Country Risk Rating

B
Political and economic uncertainties and an occasionally difficult business environment can affect corporate payment behavior. Corporate default probability is appreciable. - Source: Coface

Business Climate Rating

B
The business environment is mediocre. The availability and the reliability of corporate financial information vary widely. Debt collection can sometimes be difficult. The institutional framework has a few troublesome weaknesses. Intercompany transactions run appreciable risks in the unstable, largely inefficient environments rated B.

Strengths

  • Diversified agricultural production (tea, rice, coconut, rubber)
  • Strategic location at the center of trade routes between Asia and the Middle East
  • Indian, Chinese and Japanese interests
  • Tourism in strong growth 

Weaknesses

  • Vulnerability of agricultural production to climate disasters
  • Low levels of capital public spending because of the burden of debt servicing
  • Vulnerability related to reliance on short-term external financing
  • Lack of infrastructure

Current Trends

Growth Should Remain Strong

Growth is expected to remain strong in 2018. A recovery is likely in the agricultural sector, which was heavily affected by the droughts and floods that hit the country in the first half of 2017. These episodes weighed on household consumption in 2017, as the shortage caused a temporary rise in inflation. This inflation is expected to slow down in 2018 against the backdrop of tighter monetary policy by the central bank in response to the gradual rise in key interest rates of the US Federal Reserve. Tourism should also benefit from better weather conditions.

The growth of the industrial sector is set to strong, stimulated by the reinstatement of the generalized system of preferences with the European Union (EU) since May 2017. This disappearance of tariffs for nearly 1,200 Sri Lankan products (including tea and other agricultural products, as well as various textile products) should greatly benefit the manufacturing sector, for which the EU is the largest export market. Uncertainties about Brexit conditions and its implications for UK growth, however, are expected to affect the sector, with the United Kingdom accounting for 30% of Sri Lanka’s exports to the European Union. The construction sector, meanwhile, will be boosted by government support for infrastructure projects and the positive impact of the takeover of the Hambantota port by the Chinese company CMPort in July 2017. This major investment project, combined with the government-led fiscal consolidation reforms under the auspices of the IMF and the relatively stable political climate, should reassure foreign investors and stimulate investment.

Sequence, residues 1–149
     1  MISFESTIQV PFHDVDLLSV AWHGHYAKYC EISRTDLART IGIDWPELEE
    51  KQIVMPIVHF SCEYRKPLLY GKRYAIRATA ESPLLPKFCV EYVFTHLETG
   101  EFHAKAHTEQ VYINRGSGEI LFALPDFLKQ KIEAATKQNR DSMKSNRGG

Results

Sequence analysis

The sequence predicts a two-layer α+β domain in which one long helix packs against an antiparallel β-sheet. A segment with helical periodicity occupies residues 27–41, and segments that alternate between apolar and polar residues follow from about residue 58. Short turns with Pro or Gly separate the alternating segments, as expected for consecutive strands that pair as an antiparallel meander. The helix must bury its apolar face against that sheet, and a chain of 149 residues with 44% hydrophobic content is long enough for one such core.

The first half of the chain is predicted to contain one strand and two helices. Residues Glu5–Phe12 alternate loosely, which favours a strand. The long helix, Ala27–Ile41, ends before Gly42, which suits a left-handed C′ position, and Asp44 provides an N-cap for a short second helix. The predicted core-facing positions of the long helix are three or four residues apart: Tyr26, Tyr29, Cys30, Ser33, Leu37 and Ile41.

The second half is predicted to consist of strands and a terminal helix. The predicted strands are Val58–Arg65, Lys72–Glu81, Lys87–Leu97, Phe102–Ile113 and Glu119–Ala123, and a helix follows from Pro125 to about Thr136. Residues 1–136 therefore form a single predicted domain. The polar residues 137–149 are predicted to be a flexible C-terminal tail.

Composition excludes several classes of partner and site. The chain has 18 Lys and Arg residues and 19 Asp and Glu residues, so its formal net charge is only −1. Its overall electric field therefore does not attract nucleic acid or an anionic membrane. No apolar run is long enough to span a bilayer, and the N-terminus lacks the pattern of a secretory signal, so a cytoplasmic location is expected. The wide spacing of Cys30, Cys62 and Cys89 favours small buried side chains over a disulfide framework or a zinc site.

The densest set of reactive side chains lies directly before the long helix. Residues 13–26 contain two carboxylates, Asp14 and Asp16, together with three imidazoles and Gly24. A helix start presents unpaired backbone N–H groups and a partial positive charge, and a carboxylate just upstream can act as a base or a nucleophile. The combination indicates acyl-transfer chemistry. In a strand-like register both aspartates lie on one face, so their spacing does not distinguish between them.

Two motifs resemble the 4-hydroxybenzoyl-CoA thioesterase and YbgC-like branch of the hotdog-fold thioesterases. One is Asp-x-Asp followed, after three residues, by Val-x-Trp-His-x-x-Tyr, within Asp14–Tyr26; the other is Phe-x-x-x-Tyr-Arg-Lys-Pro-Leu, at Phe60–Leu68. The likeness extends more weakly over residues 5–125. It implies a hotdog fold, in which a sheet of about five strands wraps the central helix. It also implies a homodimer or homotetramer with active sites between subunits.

Public Finances Still Fragile Despite Gradual Improvement

Engaged in a process of fiscal consolidation with support from the IMF, the Sri Lankan government is continuing its efforts to reduce the deficit and debt. The priority of the reforms is to improve tax collection in particular. Foreign investments, such as those related to the Hambantota port, make it possible to generate revenues that are then used to reduce the debt. Nevertheless, the large share of some hard-to-reduce positions, such as the salaries of civil servants (representing 25% of government expenditures), will prevent the government from reversing this trend in the immediate future.

In terms of external accounts, the current account balance is expected to remain in deficit in 2018, with remittances from expatriate workers and tourism revenue only partially offsetting the deficit in the trade balance. The latter should nevertheless be reduced, with an increase in exports, and a decrease in fossil energy imports linked to a lower demand for thermal energy. In addition, despite expected growth, FDI would remain low compared to neighboring countries. As a result, the rupee is likely to remain under pressure.

Relative Political Stability in the Face of Persisting Destabilizing Factors

Since the 2015 elections, the political stability of the country has seemed assured. However, there is considerable tension between President Maithripala Srisena (Freedom Party) and his prime minister, Ranil Wickremesinghe (United National Party), making their alliance fragile. Discussions on the constitutional reform project that was launched in March 2016 are therefore difficult, and the oncoming local elections in January 2018 - initially planned for mid-2017 – presents a factor of instability.

Furthermore, tension remains between the Buddhist majority and the Muslim minority (9% of the population). In addition, Sri Lanka faces international pressure under the auspices of the United Nations Council, pending the government’s recognition of human rights violations, and the adoption of recommendations to sustain reconciliation between the Tamils and Sinhalese.

Improving the business environment is one of the government’s priorities, but accusations of favoritism and corruption are sometimes directed against leaders.

Source:

Coface (01/2018)
Sri Lanka